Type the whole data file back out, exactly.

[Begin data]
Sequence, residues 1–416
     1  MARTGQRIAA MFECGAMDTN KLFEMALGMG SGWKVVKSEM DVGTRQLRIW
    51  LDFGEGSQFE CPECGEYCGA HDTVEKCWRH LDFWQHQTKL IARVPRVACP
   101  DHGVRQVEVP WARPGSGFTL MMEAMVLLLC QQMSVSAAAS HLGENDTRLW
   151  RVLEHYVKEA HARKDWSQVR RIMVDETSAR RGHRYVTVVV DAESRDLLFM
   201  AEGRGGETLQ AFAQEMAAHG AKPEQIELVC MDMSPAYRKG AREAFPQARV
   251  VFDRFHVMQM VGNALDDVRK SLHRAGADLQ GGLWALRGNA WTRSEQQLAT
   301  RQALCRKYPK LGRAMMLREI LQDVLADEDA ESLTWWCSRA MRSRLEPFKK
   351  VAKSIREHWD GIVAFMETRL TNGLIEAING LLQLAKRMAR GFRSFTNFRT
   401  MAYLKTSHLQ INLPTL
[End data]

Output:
Sequence, residues 1–416
     1  MARTGQRIAA MFECGAMDTN KLFEMALGMG SGWKVVKSEM DVGTRQLRIW
    51  LDFGEGSQFE CPECGEYCGA HDTVEKCWRH LDFWQHQTKL IARVPRVACP
   101  DHGVRQVEVP WARPGSGFTL MMEAMVLLLC QQMSVSAAAS HLGENDTRLW
   151  RVLEHYVKEA HARKDWSQVR RIMVDETSAR RGHRYVTVVV DAESRDLLFM
   201  AEGRGGETLQ AFAQEMAAHG AKPEQIELVC MDMSPAYRKG AREAFPQARV
   251  VFDRFHVMQM VGNALDDVRK SLHRAGADLQ GGLWALRGNA WTRSEQQLAT
   301  RQALCRKYPK LGRAMMLREI LQDVLADEDA ESLTWWCSRA MRSRLEPFKK
   351  VAKSIREHWD GIVAFMETRL TNGLIEAING LLQLAKRMAR GFRSFTNFRT
   401  MAYLKTSHLQ INLPTL